Opinion: Heard Around the West
June 28, 2013
The western Colorado town of Nucla only has about 730 residents, but its council is eager to tell them how to live — only in the name of freedom, of course, and to protect the Second Amendment. Recently, that meant telling residents that they must own a gun. There were loopholes: Heads of households who didn't want to buy a gun or who couldn't legally own one could opt out, which seemed to remove the ammo from the ordinance. And short of going door to door, how would the town dads know if their gun law was being obeyed? As one commenter put it in the Denver Post, "Enough with the governments' intrusions in our lives!" Another reader suggested that Nucla would be much smarter requiring ownership of an elephant: "Nothing like a good elephant on your side in the event of trouble with unwanted intruders."
It's hard to deny that guns occasionally cause unfortunate accidents, even when nobody else is around. In Colorado Springs recently, a man who was having a drink or two — while also cleaning his gun — shot his own left index finger, reports the Grand Junction Daily Sentinel.
And in Missoula, Mont., a custodian at the University of Montana was "examining one of his weapons when it fired and the bullet hit him in the foot," reports the Missoulian. He had two other guns and a knife stored in his janitor's closet in case he wanted to examine them as well.
Sometimes, it's better to be wrong than to be right. In Wyoming's Powder River Basin, rancher Steve Adami warned a decade ago that the bonding the state required for industry to drill coalbed methane wells was clearly inadequate and that reclamation costs for used-up wells would mount to many millions of dollars. The response from the state and the industry, he told WyoFile, was: "Leave us alone, you whiny snots." Sadly, Adami has been proven right. After a decade of drilling some 2,200 wells annually, the gas industry has been shutting them down, and the number of orphaned wells is now estimated at 1,200 or more. This means that "landowners have to wait for 10-12 years to get a mess on your property cleaned up," complained Republican state Sen. John Hines of Gillette. Also troubling is the gas industry's failure to put much of the pumped-up groundwater to beneficial use. Now that the horse has left the proverbial barn, Wyoming's Oil and Gas Conservation Commission has decided to get tough, forcing one California-based company to increase its bonding level for nearly 150 coal-bed methane gas wells at risk of being orphaned. "When the commission revoked USA Exploration's bonds earlier this year for failure to meet testing and reclamation requirements," reports Dustin Bleizeffer, "it collected a total of $154,000." There's just one problem: "The total cost to plug and reclaim the properties could cost an estimated $1.4 million."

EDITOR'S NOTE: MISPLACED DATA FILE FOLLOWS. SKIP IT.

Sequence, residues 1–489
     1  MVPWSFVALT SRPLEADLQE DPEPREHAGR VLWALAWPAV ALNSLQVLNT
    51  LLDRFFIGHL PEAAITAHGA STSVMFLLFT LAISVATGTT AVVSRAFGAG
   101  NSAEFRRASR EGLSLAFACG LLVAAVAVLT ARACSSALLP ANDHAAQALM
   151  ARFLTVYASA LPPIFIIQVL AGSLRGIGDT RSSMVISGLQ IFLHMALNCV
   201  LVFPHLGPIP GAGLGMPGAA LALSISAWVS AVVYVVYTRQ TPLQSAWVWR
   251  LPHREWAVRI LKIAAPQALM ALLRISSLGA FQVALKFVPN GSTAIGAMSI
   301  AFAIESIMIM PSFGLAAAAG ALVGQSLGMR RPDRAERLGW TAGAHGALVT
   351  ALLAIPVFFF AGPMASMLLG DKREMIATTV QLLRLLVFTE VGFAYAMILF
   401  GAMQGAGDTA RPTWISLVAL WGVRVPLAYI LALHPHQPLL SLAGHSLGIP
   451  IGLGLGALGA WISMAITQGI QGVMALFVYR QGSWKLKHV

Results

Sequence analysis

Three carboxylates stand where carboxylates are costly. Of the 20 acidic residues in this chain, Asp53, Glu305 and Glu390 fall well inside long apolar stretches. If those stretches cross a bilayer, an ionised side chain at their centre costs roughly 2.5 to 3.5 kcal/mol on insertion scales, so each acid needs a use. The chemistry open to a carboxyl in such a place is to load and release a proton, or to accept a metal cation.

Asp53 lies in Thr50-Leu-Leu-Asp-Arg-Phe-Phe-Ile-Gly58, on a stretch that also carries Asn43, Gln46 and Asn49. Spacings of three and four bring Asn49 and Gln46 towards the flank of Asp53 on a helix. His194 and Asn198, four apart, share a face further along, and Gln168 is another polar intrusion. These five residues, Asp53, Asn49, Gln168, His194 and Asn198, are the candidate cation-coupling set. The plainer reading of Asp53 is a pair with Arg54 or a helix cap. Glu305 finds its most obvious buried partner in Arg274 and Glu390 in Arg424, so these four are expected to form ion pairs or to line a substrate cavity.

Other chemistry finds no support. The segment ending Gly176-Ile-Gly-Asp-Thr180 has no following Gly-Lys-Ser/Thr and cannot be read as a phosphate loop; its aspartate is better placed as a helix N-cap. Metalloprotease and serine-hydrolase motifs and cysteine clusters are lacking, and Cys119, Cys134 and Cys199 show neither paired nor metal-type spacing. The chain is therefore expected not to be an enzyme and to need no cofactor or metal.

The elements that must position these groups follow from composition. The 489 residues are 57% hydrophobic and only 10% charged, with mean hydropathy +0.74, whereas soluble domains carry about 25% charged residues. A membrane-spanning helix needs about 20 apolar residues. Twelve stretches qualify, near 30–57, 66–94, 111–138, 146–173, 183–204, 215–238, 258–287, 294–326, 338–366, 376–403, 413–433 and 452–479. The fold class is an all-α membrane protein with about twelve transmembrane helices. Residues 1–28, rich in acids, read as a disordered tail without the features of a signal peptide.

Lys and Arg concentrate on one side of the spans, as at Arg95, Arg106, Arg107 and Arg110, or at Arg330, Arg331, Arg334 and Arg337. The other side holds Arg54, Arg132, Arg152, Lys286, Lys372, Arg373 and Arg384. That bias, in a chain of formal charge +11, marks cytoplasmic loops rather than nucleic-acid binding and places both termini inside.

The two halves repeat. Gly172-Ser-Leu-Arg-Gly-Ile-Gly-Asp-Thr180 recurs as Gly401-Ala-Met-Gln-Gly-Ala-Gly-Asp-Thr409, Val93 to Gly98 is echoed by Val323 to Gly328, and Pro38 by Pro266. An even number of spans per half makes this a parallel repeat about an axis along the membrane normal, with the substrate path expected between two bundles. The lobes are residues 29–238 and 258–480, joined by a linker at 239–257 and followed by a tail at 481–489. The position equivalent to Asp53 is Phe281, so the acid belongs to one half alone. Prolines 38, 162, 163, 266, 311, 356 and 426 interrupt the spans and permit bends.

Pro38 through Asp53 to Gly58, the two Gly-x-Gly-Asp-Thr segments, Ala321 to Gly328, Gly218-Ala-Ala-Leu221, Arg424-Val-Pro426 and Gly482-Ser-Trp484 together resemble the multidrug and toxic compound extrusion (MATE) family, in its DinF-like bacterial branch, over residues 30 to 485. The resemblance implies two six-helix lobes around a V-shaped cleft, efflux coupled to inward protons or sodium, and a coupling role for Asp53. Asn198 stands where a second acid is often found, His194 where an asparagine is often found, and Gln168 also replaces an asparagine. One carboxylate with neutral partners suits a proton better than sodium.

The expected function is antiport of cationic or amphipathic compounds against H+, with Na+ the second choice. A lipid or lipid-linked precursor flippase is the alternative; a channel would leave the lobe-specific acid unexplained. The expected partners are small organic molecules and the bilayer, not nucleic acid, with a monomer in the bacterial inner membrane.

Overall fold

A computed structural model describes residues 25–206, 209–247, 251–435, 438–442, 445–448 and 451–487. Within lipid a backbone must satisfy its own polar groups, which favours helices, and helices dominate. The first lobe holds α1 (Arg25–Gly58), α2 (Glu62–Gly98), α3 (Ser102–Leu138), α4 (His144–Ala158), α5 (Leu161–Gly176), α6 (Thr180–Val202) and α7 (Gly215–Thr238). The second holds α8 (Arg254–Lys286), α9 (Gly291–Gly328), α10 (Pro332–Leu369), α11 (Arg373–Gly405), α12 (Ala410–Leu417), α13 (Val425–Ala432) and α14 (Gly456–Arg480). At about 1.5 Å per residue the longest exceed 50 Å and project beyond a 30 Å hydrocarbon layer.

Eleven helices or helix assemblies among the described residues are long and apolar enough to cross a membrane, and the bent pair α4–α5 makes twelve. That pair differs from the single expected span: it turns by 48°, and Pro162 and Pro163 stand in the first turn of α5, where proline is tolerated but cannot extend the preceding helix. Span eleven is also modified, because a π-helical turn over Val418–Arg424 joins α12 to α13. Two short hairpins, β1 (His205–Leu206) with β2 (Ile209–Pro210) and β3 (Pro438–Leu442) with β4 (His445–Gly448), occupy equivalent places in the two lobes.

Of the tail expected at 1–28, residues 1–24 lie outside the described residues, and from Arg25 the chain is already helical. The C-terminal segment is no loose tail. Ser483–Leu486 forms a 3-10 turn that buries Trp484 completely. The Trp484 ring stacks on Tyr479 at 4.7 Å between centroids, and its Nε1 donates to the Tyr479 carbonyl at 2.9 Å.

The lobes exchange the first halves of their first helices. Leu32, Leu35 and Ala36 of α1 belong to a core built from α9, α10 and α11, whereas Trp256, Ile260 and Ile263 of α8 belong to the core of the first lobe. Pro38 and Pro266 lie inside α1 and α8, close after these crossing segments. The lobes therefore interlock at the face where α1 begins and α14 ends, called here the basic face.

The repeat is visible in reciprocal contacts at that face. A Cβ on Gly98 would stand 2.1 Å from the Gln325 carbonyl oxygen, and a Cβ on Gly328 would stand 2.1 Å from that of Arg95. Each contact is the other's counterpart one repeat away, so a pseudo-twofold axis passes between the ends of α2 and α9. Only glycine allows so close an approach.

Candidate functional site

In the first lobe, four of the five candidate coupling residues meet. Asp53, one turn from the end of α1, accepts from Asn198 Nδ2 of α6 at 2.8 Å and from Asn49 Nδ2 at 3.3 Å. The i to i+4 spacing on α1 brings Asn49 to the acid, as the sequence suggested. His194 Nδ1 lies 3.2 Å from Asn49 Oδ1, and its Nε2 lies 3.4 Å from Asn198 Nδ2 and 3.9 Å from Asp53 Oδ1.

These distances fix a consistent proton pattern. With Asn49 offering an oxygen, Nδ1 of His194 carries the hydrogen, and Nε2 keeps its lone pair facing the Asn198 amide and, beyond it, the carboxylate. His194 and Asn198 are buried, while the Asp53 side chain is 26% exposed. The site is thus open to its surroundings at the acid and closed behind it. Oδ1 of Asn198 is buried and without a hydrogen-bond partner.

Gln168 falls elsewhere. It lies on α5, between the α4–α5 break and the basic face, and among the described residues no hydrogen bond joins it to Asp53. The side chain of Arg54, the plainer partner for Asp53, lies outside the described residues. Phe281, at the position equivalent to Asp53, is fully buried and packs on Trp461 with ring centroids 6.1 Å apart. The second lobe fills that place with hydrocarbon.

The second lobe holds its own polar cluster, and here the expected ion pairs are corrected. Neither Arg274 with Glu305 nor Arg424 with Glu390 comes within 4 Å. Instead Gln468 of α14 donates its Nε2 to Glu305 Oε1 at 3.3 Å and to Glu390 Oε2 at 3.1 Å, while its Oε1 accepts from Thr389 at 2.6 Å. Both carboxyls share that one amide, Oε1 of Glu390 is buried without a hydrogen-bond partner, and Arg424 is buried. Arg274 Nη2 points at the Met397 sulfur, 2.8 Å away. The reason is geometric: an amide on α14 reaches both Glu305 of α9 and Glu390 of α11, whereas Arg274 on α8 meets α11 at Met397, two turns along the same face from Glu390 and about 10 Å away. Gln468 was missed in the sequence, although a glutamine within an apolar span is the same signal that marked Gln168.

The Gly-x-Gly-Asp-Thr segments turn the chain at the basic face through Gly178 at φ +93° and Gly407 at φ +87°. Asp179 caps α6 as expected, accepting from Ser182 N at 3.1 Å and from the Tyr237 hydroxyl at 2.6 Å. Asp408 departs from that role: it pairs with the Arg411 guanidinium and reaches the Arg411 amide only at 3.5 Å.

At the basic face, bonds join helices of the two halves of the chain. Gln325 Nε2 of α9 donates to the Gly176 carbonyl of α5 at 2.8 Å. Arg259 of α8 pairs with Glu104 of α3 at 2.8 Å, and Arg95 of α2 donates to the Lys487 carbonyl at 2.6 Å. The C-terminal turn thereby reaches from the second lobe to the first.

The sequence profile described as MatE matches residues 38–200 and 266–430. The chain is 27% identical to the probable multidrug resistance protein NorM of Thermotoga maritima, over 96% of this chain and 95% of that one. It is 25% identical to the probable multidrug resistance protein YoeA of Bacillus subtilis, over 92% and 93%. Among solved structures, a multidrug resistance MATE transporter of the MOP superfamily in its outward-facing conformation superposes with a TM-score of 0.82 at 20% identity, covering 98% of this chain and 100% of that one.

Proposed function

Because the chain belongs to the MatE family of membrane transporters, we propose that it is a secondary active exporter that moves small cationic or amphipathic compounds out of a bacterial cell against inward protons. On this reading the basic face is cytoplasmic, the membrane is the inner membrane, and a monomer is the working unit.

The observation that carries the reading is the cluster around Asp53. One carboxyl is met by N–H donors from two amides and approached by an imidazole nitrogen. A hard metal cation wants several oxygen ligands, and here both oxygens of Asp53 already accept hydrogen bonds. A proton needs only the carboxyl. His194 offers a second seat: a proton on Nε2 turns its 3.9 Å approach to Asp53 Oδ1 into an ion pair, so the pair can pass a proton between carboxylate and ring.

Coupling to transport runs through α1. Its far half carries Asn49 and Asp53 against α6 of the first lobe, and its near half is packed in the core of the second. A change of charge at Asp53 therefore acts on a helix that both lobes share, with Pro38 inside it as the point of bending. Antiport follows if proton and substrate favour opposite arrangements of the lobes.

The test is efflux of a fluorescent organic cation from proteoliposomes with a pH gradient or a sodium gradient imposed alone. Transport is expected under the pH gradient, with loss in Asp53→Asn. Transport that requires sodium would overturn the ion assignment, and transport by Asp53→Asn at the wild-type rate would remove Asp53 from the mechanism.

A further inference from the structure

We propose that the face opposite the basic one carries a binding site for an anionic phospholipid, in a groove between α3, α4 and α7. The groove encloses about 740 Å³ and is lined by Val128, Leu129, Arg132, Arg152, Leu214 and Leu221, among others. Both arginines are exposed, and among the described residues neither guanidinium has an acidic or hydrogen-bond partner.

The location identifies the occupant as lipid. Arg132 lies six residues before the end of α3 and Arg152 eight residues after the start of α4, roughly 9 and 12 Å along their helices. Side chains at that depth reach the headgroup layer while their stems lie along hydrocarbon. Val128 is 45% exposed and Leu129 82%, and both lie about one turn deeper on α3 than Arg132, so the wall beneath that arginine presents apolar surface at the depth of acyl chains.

It's a safe bet that landowners with orphaned and polluting coalbed-methane wells on their property did not cheer for a horse named "Frac Daddy" running in the Kentucky Derby. In any case, cheers would not have helped the 3-year-old colt, which is owned by two Billings, Mont., men. Frac Daddy finished a distant 16 out of 19.
Red-winged blackbirds are nothing if not feisty. Photographer Eric Dugan can testify to that after a fascinating encounter with the birds at the Napa-Sonoma Marsh Wildlife Area in Northern California, reports the San Francisco Chronicle. Hearing the shriek of a red-tailed hawk, Dugan spotted a group of enraged blackbirds jumping on and off the hawk's back and head as it perched on top of a telephone pole, apparently uncomfortably close to a blackbird nest. The hawk so angered one blackbird that it pursued the retreating raptor, landing on its back more than once, where it "enjoyed a free ride into the wild blue yonder."
In other avian news, two bald eagles became so engrossed in a mid-air battle that they locked talons, fell into a tailspin and crash-landed onto the tarmac of the Duluth International Airport. Both birds lived, Minnesota conservation officer Randy Hanzal told GrindTV, though their spat, and the resulting splat, were definitely unusual: "They had the talons so deeply embedded in each other they may have been unable to let go." When Hanzal found both eagles alive, he loaded them into his truck bed, covered them with blankets and was halfway to a rehabilitation center when one of the eagles disengaged and flew off.
The other eagle didn't feel quite so spry; it got antibiotics and painkillers at the "rehabber."
Betsy Marston is editor of Writers on the Range, an op ed syndicate of High Country News (hcn.org). Tips of Western oddities are appreciated and often shared at firstname.lastname@example.org.
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